With a glance of thought, I also have an idea why people avoid him.  Not because they think he is dangerous.  It’s similar to reasons as to why many people are able turn their backs on tragedies like Darfur and Rawanda.  I think self-conversationalists like Matt and regions like Darfur ultimately scare the shit out of people.  It reminds us how such a grand dominant animal as ourselves, are so entirely vulnerable.  How we can be so removed from control and how humanity and life can be so blindly cruel.  I’m part of the masses, the sheep that such a wolf when creeping around makes my hair stand on end.  That’s why I need Matt, so I can listen to him rattle off to my timid soul and afterwards contemplate the words of FDR, “Only thing we have to fear, is fear itself”.

I have learned over the years that fear is undoubtedly humanity’s cancer.  A chronic illness that debilitates the individual and humanity, and one we often only occupy ourselves with treating the symptoms. At least Matt and I both feel a bit freer after our conversations.  All the deep sadness I have for him begins to melt, and I thank God for that.  I thank him for that moment of valor that others would perceive as a relentless squander. Carrying on with his life, being as normal as normal will afford him, and making the best of the tools he’s been left with. His attitude is something I admire and have worked to emulate ever since. It really is just a simple moment between Matt and me. As Kurt Vonnegut may have said, “So it goes”!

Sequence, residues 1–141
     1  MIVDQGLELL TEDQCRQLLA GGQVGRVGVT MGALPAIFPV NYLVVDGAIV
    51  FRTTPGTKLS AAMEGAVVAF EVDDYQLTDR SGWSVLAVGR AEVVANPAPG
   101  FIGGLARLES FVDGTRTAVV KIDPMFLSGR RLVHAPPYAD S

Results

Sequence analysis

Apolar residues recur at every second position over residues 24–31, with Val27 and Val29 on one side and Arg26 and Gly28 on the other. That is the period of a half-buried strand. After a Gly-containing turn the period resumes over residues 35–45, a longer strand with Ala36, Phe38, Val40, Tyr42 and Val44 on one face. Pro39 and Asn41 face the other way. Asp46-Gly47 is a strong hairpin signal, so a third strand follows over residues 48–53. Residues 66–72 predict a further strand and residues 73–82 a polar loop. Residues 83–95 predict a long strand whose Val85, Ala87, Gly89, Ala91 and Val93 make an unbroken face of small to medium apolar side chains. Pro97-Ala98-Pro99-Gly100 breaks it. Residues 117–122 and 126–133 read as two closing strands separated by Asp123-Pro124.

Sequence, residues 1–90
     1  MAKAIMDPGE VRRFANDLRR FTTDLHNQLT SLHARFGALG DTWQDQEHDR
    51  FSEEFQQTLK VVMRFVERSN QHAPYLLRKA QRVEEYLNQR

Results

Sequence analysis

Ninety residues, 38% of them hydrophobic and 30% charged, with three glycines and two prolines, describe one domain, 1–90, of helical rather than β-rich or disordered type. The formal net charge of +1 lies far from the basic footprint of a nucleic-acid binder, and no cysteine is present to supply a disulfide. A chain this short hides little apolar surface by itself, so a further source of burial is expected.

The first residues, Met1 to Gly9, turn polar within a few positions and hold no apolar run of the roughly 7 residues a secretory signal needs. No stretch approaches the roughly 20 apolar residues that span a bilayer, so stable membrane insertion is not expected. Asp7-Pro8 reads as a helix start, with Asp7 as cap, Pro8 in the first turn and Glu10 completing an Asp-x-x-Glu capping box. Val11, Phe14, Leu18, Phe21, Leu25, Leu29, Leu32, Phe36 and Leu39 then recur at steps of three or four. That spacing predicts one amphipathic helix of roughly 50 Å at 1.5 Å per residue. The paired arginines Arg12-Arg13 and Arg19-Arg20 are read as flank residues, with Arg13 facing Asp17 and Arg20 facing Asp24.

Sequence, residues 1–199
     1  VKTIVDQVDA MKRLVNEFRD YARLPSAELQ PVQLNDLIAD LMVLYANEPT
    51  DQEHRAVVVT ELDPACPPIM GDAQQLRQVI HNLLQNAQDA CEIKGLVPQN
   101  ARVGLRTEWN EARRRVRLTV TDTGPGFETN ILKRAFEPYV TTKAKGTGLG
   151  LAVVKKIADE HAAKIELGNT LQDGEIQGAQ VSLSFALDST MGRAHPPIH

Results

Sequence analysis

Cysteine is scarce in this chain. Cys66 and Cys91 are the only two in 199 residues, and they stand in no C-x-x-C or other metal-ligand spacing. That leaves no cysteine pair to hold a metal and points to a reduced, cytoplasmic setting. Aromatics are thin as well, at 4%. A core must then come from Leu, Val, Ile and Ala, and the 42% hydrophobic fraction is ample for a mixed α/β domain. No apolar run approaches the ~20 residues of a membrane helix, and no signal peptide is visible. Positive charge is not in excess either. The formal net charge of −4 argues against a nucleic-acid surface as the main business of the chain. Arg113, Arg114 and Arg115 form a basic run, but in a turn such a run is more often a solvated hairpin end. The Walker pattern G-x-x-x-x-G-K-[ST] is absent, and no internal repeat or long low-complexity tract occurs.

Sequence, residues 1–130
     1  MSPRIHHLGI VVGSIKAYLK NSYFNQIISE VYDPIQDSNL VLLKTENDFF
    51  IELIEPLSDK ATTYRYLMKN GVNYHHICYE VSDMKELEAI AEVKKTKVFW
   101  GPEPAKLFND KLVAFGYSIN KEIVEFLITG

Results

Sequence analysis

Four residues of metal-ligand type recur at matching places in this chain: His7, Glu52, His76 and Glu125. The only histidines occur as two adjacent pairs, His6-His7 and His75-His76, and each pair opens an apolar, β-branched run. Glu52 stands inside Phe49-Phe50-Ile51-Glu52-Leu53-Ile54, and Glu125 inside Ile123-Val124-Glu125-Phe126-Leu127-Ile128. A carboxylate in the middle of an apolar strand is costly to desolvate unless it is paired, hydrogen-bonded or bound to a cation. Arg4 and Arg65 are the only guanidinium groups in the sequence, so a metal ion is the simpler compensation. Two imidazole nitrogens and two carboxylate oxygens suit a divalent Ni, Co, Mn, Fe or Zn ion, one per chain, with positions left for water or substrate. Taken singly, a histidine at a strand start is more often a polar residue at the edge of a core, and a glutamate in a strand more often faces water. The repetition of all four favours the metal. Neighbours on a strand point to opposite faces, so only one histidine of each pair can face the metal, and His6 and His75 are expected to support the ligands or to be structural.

1. I love this story, and that you quoted Kurt Vonnegut. Your Mad Matt reminds me of a man I knew when I was in college. He used to walk around town collecting cans and asking businesses to exchange his crinkled one dollar bills for fresh crisp dollars that he could feed into pop machines. He always started his conversations with the exact same line, and most people avoided him. I eventually got to know him better when he came to do work for my neighbor. Turns out he was one of the kindest and most honest people I've known.

    1. Thanks Nicole for the comment. Yeah, Kurt Vonnegut is great! Glad you could relate so well to the story. Matt also was a really nice man.